Walking around Terrace, it isn’t hard to spot litter. Soda cans, water bottles, chip bags and milk cartons all add to the list of potential environmental hazards. “The Naturescape was established in the ‘80s,” senior and club Vice President Annabelle Westby said. “It was intended to be an outdoor classroom, but it kind of just got neglected so it doesn’t serve that purpose anymore.

One of our main goals is to clean it up and restore it and plant native plants in it as well as pollinators.” Eco Club also removes invasive plants from the nature scape. The club has gone through the district’s process to remove invasive blackberry bushes around the area, providing a clear view of the natural scenery. “Beforehand, this whole [Naturescape] was just covered in weeds, and dead flowers, and mostly dead things,” Carlson said. “But then we weeded the entire thing.”

I think it’s important to know how to make change.

— Emslie Kenall

Eco Club’s efforts haven’t stopped at the Naturescape. In the beginning of the school year, the club underwent the effort of clearing the area surrounding Terrace’s flagpole to plant flower bulbs.

“We had a lot of people show up to do it so it went by pretty fast,” Westby said. “We’re trying to find more native bulbs as well so we weren’t invalidating our cause. We planted tulips, daffodils, and crocuses as well.” Eco Club also plans on growing plants out of flower beds made courtesy of Terrace’s carpentry class and the coordination of art teacher Nichole Mohs.

“We’ve been wanting to do something like reinhabiting the environment with more native plants, but it’s kind of hard because with Eco Club, you’re working alongside the landscapers so there’s a lot of permitting you have to go through in order to install them yourself.” Westby said. “[The flower beds are] our way of being able to plant things to help the environment without stepping on toes.”

Westby explained the club aims to grow “three native plants, three pollinators, and three of hopefully some kind of produce.” Produce (like basil and parsley) will be used by chef classes for their recipes.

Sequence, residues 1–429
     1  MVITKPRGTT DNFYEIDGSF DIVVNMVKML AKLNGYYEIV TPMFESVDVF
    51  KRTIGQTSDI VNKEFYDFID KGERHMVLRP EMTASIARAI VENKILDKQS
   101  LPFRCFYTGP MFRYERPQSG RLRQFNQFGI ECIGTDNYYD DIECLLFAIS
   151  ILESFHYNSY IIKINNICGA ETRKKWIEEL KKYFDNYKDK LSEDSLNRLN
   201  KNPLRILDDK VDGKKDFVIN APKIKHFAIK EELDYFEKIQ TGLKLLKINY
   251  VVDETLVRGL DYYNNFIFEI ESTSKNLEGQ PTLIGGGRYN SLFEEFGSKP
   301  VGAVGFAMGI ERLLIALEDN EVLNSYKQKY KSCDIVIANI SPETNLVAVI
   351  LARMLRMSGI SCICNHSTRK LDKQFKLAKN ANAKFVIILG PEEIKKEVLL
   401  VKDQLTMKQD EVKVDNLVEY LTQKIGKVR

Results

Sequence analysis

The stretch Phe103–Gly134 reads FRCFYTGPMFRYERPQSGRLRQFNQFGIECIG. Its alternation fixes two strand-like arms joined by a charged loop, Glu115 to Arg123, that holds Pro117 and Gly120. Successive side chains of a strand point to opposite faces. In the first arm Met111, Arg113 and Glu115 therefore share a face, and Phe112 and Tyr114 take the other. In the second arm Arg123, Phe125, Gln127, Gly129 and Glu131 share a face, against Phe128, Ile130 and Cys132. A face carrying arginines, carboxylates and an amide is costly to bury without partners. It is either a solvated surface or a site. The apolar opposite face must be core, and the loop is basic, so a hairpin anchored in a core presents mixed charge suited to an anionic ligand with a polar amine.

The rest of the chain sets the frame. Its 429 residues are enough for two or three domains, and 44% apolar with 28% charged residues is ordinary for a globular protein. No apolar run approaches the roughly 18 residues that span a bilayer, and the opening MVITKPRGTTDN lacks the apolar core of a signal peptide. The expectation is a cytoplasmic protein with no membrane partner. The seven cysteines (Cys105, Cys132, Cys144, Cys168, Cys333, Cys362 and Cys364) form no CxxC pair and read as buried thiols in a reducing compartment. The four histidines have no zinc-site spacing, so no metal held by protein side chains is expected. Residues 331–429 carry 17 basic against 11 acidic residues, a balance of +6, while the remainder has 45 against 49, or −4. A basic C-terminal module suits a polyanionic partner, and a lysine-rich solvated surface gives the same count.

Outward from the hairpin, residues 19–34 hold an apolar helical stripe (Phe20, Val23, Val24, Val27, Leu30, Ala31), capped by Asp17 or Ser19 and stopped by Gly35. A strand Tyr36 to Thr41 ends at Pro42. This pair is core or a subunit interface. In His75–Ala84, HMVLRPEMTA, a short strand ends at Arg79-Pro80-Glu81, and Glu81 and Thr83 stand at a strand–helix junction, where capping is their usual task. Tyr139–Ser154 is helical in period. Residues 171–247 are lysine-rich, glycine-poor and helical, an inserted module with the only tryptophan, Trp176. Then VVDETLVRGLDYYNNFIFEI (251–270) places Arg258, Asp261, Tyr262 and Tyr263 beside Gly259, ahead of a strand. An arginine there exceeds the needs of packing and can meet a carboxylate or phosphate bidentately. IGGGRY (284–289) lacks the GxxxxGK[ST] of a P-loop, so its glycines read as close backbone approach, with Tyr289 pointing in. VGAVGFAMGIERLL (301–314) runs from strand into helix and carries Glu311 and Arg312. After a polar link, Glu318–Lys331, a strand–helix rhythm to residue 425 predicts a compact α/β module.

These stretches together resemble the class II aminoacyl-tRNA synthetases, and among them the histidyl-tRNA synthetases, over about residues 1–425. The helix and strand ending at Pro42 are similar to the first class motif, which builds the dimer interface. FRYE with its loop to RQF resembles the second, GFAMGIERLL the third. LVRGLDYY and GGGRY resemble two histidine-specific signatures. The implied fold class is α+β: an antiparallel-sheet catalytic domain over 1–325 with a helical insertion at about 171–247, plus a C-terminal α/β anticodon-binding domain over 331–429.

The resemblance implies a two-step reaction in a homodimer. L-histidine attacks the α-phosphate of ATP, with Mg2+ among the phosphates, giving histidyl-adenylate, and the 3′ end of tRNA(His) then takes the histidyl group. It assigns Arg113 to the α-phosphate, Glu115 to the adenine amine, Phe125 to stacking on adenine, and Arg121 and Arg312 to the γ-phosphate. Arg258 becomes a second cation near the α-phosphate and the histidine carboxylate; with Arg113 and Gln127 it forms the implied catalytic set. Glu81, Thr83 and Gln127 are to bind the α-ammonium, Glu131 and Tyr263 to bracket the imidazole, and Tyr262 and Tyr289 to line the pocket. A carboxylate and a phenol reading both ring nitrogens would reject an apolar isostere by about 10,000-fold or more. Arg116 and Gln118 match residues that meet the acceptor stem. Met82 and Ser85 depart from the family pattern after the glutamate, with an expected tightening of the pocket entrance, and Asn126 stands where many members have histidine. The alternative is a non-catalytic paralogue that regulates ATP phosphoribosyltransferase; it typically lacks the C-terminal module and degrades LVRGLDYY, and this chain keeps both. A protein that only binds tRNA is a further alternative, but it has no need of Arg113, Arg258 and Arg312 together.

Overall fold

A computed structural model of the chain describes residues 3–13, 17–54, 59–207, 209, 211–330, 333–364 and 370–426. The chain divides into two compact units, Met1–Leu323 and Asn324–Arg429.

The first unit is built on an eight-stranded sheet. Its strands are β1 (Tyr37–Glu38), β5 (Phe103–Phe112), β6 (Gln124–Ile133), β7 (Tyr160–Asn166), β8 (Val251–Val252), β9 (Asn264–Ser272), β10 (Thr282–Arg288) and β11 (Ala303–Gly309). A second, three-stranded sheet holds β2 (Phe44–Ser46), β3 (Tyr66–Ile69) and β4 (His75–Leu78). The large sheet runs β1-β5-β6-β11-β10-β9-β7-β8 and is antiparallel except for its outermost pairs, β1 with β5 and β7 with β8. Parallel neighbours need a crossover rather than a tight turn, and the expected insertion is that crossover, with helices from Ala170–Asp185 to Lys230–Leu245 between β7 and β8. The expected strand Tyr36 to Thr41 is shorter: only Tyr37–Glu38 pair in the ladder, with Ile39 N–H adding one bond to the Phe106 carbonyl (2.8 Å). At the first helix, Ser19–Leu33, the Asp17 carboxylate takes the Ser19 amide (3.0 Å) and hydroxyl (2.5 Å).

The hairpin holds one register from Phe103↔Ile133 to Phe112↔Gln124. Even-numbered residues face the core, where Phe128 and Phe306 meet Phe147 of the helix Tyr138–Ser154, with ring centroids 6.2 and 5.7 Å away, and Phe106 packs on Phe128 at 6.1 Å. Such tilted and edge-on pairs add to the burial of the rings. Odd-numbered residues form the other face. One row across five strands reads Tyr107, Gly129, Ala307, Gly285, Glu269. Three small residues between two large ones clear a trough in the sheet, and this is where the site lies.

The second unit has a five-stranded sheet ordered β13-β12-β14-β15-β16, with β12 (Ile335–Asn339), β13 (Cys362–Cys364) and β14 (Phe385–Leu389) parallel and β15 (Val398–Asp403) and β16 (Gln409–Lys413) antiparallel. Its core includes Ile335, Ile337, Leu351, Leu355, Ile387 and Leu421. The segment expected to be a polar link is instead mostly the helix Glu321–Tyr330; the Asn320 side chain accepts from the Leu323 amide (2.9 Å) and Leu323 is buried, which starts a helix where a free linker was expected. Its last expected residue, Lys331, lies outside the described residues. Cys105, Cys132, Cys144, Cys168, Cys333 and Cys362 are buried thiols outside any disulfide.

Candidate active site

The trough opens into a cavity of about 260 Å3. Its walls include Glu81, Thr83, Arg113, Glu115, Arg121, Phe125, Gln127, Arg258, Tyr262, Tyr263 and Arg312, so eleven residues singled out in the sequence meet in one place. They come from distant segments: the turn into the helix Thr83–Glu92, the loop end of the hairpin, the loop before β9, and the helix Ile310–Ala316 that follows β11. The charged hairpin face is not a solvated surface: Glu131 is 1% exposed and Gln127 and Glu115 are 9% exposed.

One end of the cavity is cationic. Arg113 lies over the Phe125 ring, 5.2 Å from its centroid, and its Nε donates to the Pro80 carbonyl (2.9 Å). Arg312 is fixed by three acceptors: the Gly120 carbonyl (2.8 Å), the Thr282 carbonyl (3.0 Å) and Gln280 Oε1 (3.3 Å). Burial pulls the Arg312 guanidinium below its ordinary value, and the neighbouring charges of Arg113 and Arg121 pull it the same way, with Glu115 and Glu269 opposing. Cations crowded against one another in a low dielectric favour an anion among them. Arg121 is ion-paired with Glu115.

Anyone can better the environment, no matter how impossible it may feel.

“Researching native plants, pollinating plants and putting them in nature, carrying a little bag with you to pick up trash, etc [are all ways students here at MTHS can make a difference],” Westby said.

Eco Club meets on Thursdays after school from 2 p.m. to 3 p.m. in room 123. Eco Club announces school-wide cleanup dates and other events people can contribute to on their Instagram page, @mths.ecoclub, where volunteer hours are offered. The club is advised by science teacher Jennifer Archer.

HAWKEYE POLL: Litter on Campus

What do YOU think? Take our poll about litter on campus and share your thoughts and ideas. When seeing discarded lunch paper boats, soda cans, and Ziploc bags on the ground, how does that affect your wellbeing? Scan the QR code and speak out!


Revisiting the Nature Scape
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About the Contributors
Jakob Nacanaynay
Jakob Nacanaynay, Hawkeye Staff
Jakob Nacanaynay initially joined HSM to be more involved in the MTHS community and express his opinions. As a member of HSM, he most enjoys learning about different perspectives that stray from the mainstream. Jakob is also an officer of the TSA club, participating in events from video game design to debate. He also enjoys competing in cybersecurity competitions with friends. While he has a wide range of interests, he finds the communication and organization skills learned in journalism transfer well. After high school, he plans on attending a major university to study cybersecurity.
Lucas Barquin
Lucas Barquin, Op/Ed Editor
Lucas Barquin joined HSM because he enjoyed writing and wanted to join a group where he could continue writing with others. Lucas’ goal is to write about important topics, and to make every student feel seen and heard. In his free time Lucas enjoys drawing, listening to music and playing D&D. His post high school plans are to attend an art school for graphic design and illustration.
Efrata Solomon
Efrata Solomon, Photo Editor
Photo Editor Efrata Solomon is a junior at MTHS and in her second year of journalism. She joined journalism in order to engage more with school activities and find a community of like-minded people, as well as learn about newspaper production. Outside of journalism, Efrata hopes to pursue a career in forensic biotechnology to exonerate those wrongfully convicted. She also participates in TSA, HOSA, Girls Who Code, orchestra and NHS, and her hobbies include completing puzzles, reading, hiking, going to local concerts, thrifting, and spending her money on overpriced boba.